Start Building Wealth Today

Here's a simple, two-step plan to help us all retire happy and wealthy:

1. Work at jobs we enjoy.

2. Get aboard the compounding train.

I know what you're thinking: It's not that easy. Well, it is, but it takes discipline. And since I hope you've already completed step 1, let's focus on step 2.

All aboard!
How do we get this trip going? We'll start by investing in stocks that should generate good returns over the next two to three years -- rather than over the next two to three months. Why? Because while it's difficult to know what stocks will do over the next few months, the performance of great businesses becomes more predictable over longer time frames. The key is to buy them at great prices.

Legg Mason's Bill Miller, arguably the greatest fund manager over the past 15 years (he's beat the market in every one of them), has a term for this philosophy. He calls it the "time arbitrage" theory. Don't worry about the fancy title. Here's how it works.

Miller scoffs at Wall Street's obsession with short-term results and works to use it to his advantage. He's more than happy to invest in the "dead money" stocks other professionals don't want. Because these stocks supposedly aren't going anywhere in the near term, they're oversold, and so he gets them for cheap. And he waits. Two to three years down the line ... and voila! Miller has another great year. And he just keeps filling the pipeline.

Compounding builds wealth
Miller's performance must be astronomical, you're thinking. Well, yes and no. Over the life of his fund, Miller has averaged 15.9% annual returns.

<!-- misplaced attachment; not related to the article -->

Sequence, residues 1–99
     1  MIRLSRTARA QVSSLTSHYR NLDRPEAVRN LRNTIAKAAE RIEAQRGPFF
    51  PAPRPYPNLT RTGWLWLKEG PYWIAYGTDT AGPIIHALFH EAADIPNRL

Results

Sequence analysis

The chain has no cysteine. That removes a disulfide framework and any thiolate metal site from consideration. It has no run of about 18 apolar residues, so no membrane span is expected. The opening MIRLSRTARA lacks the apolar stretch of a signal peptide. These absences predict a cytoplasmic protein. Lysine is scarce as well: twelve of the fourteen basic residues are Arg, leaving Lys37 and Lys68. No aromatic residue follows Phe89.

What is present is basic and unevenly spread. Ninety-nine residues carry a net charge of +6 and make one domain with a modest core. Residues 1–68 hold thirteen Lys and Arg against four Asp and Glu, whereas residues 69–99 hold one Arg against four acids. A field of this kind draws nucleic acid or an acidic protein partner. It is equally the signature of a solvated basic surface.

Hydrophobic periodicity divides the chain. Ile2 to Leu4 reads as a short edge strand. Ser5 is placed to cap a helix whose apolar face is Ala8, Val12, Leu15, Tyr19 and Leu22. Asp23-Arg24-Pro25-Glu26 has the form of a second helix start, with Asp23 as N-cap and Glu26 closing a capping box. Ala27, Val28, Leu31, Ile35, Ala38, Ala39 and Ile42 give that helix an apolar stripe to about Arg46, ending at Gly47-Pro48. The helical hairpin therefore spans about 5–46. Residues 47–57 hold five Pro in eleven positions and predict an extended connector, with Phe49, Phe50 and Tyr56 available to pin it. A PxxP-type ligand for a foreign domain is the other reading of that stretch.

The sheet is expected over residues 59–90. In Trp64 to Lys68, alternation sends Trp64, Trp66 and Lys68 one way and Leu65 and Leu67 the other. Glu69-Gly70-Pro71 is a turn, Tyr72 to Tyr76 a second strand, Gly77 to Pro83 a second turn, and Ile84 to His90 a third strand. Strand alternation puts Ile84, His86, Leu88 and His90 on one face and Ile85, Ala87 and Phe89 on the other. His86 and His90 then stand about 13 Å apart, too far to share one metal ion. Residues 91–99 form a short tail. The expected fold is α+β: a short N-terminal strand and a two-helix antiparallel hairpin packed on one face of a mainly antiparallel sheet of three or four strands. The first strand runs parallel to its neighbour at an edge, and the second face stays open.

That's not so flashy if it just happened once, but consider the power of compounding -- also known as the most powerful force in the universe -- as it keeps happening over and over again:

Year

Total Return

$1,000 Turns Into ...

3

56%

$1,560

5

109%

$2,090

10

337%

$4,370

20

1,814%

$19,140



While a time arbitrage strategy will get you only 50% returns over three years, look at how the returns accelerate over time. After 20 years, you've made nearly 20 times your money.

But, yes, it takes time. That's why we need to get started today.

Opportunities are there all the time
If you don't think there are good "dead money" stocks in the market every now and again, consider that at various points following the turn of the new millennium, Goldman Sachs (NYSE: GS  ) , UPS (NYSE: UPS  ) , Cephalon (Nasdaq: CEPH  ) , Costco (Nasdaq: COST  ) , HCA (NYSE: HCA  ) , and ServiceMaster (NYSE: SVM  ) barely budged.

These are all good companies that have posted incredible long-term returns. But the market temporarily soured on them for myriad reasons. Slowly but surely, however, they've started to make money for investors again.

Stock market treasures at flea market prices
The key is recognizing where the bargains are in the stock market and taking advantage of them.

That's where lead analyst Philip Durell and the rest of the Inside Value team can help. We go where the opportunities are. Today, the market doesn't seem to like large, high-quality health-care companies such as UnitedHealth Group (NYSE: UNH  ) . That's fine with us. We're more than willing to wait for them to come back into the market's favor and reap the rewards.

You can try Inside Value free for 30 days and see whether our strategy can help you retire wealthy. Just follow the link for more information.

Do you consider yourself a special situations investor, or are you interested in learning more about these opportunities? Tell us about your interests in our very brief Special Situations Investing Survey. Your comments will help us develop future content to fit your needs.

UnitedHealth and Legg Mason are Inside Value selections. Costco and UnitedHealth are Stock Advisor recommendations. ServiceMaster and UPS are Income Investor picks.

This article, originally published on August 8, 2006, is one of a series. The rest of the stories are here.

David Meier is a member of the Motley Fool Inside Value team and, at the time of publication, did not own shares in any of the companies mentioned. The Motley Fool has a disclosure policy.


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